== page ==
The CTSA (Clinical Translation Science Award) flavor is usually referred to as “bench to bedside”, or how basic science discoveries in the laboratory can be more rapidly transformed into solutions for the intractable challenges of disease, including engaging communities in clinical research efforts and training researchers in this arena.
Yet there are all kinds of clinical medical research that do not start out in a petri dish. Here are a few randomly chosen clinical research articles that probably would generate widespread interest in attempting to follow the new advice for a common disorder.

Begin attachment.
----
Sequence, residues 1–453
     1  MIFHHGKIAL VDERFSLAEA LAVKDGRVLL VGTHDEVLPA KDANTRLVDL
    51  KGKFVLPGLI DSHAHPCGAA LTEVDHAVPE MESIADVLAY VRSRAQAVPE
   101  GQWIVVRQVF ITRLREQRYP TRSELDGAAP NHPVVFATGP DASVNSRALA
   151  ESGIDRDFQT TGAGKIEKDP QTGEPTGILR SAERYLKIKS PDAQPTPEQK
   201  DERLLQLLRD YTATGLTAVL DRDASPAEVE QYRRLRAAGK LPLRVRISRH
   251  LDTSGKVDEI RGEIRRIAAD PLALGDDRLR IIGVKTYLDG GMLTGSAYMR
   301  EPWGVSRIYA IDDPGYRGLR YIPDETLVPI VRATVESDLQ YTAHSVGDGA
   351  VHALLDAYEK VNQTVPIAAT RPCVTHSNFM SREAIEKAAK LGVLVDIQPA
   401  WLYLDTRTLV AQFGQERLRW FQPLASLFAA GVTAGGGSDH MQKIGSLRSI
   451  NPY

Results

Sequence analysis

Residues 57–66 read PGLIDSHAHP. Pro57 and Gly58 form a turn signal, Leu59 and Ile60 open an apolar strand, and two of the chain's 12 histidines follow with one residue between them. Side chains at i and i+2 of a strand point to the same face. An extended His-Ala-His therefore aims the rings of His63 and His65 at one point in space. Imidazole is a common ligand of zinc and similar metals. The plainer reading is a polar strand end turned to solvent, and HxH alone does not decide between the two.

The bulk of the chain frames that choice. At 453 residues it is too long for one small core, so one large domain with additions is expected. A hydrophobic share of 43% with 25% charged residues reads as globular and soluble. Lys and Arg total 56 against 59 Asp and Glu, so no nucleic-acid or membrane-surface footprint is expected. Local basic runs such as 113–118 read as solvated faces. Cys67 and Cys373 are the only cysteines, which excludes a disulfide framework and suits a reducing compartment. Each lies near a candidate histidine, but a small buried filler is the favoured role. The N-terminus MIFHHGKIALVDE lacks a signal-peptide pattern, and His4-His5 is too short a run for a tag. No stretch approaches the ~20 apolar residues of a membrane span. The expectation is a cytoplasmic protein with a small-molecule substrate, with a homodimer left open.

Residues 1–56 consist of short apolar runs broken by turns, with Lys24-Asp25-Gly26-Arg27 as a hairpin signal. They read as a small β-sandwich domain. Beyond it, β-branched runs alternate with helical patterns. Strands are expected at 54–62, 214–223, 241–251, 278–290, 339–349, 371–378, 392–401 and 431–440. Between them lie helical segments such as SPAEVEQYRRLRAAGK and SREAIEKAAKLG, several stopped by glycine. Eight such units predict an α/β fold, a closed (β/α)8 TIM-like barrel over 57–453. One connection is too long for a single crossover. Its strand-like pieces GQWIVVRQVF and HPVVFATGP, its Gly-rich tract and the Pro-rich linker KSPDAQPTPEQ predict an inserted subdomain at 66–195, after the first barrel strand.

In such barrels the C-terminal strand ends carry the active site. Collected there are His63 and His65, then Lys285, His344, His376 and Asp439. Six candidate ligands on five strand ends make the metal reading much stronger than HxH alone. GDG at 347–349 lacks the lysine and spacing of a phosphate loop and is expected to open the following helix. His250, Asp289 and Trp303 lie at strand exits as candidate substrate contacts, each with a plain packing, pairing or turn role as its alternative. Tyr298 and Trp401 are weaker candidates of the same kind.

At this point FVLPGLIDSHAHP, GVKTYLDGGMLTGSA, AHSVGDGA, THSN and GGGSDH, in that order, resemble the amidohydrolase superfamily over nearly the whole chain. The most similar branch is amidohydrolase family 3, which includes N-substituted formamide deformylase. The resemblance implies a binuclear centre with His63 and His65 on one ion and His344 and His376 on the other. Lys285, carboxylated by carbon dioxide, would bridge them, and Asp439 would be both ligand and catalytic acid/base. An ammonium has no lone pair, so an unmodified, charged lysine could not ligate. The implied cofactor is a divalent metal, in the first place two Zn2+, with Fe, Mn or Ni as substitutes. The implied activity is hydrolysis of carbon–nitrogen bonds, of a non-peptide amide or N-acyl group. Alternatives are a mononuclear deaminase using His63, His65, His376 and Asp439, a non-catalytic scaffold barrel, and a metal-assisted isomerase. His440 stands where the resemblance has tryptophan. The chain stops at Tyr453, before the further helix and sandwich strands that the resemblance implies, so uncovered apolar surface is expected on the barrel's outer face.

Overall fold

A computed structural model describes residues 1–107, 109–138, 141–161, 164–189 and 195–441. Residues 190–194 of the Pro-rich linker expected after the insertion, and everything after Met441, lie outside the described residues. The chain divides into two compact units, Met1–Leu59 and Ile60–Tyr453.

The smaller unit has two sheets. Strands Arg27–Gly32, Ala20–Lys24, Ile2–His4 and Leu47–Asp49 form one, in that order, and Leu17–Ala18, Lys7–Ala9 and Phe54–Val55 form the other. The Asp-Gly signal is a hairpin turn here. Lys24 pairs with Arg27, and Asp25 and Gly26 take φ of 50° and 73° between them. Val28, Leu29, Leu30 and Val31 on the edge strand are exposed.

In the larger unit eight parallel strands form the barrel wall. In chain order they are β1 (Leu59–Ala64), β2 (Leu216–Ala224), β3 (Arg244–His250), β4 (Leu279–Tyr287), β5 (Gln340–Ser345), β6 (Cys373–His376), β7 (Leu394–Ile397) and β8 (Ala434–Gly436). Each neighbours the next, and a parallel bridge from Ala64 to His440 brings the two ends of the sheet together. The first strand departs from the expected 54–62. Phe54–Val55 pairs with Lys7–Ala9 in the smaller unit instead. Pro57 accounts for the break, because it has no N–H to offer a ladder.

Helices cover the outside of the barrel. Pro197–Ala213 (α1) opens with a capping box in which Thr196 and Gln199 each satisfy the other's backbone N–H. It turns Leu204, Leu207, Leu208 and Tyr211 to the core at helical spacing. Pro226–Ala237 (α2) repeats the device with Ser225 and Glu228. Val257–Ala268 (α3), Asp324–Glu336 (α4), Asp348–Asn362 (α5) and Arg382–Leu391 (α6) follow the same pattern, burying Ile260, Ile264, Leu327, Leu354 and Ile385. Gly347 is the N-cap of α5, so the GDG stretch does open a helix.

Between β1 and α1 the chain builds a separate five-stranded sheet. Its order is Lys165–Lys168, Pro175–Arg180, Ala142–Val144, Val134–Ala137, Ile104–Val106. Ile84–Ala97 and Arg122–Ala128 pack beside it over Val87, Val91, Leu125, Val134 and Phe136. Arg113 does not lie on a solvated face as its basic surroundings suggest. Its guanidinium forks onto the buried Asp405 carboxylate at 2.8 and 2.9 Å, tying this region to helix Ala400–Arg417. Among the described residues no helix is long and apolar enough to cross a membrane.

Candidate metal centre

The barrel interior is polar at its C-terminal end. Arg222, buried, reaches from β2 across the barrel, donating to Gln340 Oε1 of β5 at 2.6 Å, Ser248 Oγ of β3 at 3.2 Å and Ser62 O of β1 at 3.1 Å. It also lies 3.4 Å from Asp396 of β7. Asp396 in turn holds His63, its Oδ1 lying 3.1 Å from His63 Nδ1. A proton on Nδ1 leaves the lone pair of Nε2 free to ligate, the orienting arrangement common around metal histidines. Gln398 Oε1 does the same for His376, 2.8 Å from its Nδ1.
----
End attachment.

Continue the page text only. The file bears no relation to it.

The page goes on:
- Foot ulcers in the diabetic patient, prevention and treatment.
- Predicting the impact of insecticide-treated bed nets on malaria transmission: the devil is in the detail
- Pilot study of Lokomat versus manual-assisted treadmill training for locomotor recovery post-stroke.
[all of these research studies are found in PubMed Central]
A widely recognized problem with the myriad formats and styles of clinical research reporting is the frequent inability to immediately use the conclusive information in clinical care. A research article is not a clinical practice guideline most of the time, but how could articles become more guideline-like?
A new article in PLoS Medicine, Guidance for Developers of Health Research Reporting Guidelines, assesses the existing research reporting standards and suggests recommended steps for developing a health research reporting guidelines.